The Australian Prudential Regulation Authority (APRA) has taken its first step in addressing the risks of ballooning debt by ordering banks to use higher interest rates when assessing mortgage applications.
The regulator said that banks need to apply a minimum interest rate buffer that is at least 3 percentage points (pps) above the loan product rate.
Previously, banks used a minimum interest rate buffer of 2.5pps.
The move is expected to reduce the maximum borrowing capacity for the typical borrower by around 5%.
The regulator expects a "fairly modest" impact of this measure on housing growth.
APRA's move was supported by the Council of Financial Regulators (CFR), which expressed concerns on the medium-term economic risks of the stronger pace of household debt compared to income.
APRA chairperson Wayne Byres said this decision to increase the minimum interest rate buffer is a "targeted and judicious" action designed to reinforce the stability of the financial system.
"In taking action, APRA is focused on ensuring the financial system remains safe, and that banks are lending to borrowers who can afford the level of debt they are taking on – both today and into the future," he said.
Mr Byres believes stronger serviceability standards are warranted to balance the risks, given that recent quarterly data showed more than a fifth of new loans approved in June were at more than six time borrowers' incomes.
“While the banking system is well capitalised and lending standards overall have held up, increases in the share of heavily indebted borrowers, and leverage in the household sector more broadly, mean that medium-term risks to financial stability are building," he said.
Why the increase in the minimum interest rate buffer?
In a statement, APRA said the most appropriate tool to enforce stricter lending rules under the current market conditions is increasing interest rate serviceability.
“It acts as a cap on leverage, is relatively easy to implement, and will not have any impact on mortgage interest rates.”
APRA said while using an interest rate floor would also be easy to implement and would not impact mortgage pricing, it would be more restrictive on owner-occupiers but would have lesser impact on investors.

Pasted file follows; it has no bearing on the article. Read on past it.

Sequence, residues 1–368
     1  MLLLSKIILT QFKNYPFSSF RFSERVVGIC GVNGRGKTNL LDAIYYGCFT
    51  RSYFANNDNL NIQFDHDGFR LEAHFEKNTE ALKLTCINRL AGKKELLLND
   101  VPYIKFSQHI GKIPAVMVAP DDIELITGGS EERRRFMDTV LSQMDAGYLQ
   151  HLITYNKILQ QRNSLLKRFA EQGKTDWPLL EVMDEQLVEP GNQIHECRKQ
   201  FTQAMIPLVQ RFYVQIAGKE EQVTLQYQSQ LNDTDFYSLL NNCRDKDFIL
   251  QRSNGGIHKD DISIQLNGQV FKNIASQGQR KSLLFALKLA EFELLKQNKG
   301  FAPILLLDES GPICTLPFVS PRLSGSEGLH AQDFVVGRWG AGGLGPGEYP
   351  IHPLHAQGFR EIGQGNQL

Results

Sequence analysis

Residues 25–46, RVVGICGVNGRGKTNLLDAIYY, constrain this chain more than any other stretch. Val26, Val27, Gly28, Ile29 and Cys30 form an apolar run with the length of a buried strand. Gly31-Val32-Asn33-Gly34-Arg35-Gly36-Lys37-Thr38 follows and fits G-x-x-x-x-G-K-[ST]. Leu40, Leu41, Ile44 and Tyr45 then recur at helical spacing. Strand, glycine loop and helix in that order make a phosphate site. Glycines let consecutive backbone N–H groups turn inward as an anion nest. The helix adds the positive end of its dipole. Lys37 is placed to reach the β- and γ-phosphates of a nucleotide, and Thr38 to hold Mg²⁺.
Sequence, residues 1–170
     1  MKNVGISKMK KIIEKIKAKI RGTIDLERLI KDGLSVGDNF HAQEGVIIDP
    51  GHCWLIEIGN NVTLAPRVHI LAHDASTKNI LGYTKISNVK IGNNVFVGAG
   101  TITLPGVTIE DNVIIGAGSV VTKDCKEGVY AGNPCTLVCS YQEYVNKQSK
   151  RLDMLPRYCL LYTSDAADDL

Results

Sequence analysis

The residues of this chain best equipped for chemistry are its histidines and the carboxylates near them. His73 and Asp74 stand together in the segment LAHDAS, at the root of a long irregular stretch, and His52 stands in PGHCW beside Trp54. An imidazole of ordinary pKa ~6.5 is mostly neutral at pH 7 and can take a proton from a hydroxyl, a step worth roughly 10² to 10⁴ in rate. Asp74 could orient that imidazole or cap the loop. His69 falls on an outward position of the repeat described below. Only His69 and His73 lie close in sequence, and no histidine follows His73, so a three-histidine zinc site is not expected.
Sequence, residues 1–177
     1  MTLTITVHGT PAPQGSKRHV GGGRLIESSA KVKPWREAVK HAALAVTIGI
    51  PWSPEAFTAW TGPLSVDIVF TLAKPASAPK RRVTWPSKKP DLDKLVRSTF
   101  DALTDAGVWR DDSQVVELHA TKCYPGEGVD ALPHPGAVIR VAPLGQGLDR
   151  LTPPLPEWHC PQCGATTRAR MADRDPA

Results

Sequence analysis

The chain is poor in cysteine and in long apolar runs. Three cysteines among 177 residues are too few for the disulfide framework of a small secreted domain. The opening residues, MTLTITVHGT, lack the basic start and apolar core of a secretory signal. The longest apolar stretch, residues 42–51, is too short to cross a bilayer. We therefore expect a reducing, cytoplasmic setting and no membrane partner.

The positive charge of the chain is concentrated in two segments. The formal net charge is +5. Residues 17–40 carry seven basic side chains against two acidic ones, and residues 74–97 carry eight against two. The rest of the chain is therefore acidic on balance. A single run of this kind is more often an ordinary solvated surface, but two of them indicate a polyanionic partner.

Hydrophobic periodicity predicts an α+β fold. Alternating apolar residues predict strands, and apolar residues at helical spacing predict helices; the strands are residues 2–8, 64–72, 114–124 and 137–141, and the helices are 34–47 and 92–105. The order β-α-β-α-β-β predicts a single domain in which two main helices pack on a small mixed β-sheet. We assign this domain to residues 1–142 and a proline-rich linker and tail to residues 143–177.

"A limit on the extent of high debt-to-income borrowing would precisely target more highly indebted borrowers,” APRA said.
“Compared to raising the interest rate buffer, however, limits would be more operationally complex to deploy consistently, and may lead to higher interest rates for some borrowers as lenders effectively seek to ration credit to this cohort.”
However, it noted that this does not rule out other measures that might be used in the future.
Which borrowers will be affected?
APRA said the increase in the interest rate buffer will apply to all new borrowers.
However, the impact is likely to be larger for investors than owner-occupiers.
"This is because, on average, investors tend to borrow at higher levels of leverage and may have other existing debts," it said.
"On the other hand, first home buyers tend to be under-represented as a share of borrowers borrowing a high multiple of their income as they tend to be more constrained by the size of their deposit."
Housing Industry Association chief economist Tim Reardon said the move by APRA would only make it harder for over 50% renters who still hope to achieve homeownership.
"First-home buyers accounted for 35% of owner occupier loans issued in August 2021 and these measures will make it harder to access a loan.
“This additional constraint is being imposed despite the share of loans with a 10% deposit or less declining since December 2020. This share is well below those observed over the past decade."
Mr Reardon said first-home buyers are typically the ones who would be hardest hit by the changes to serviceability rules.
“Restricting access to credit for new households seeking to enter the housing market will put further downward pressure on the rate of home ownership in Australia," he said.
Photo by Louis Hansel on Unsplash.
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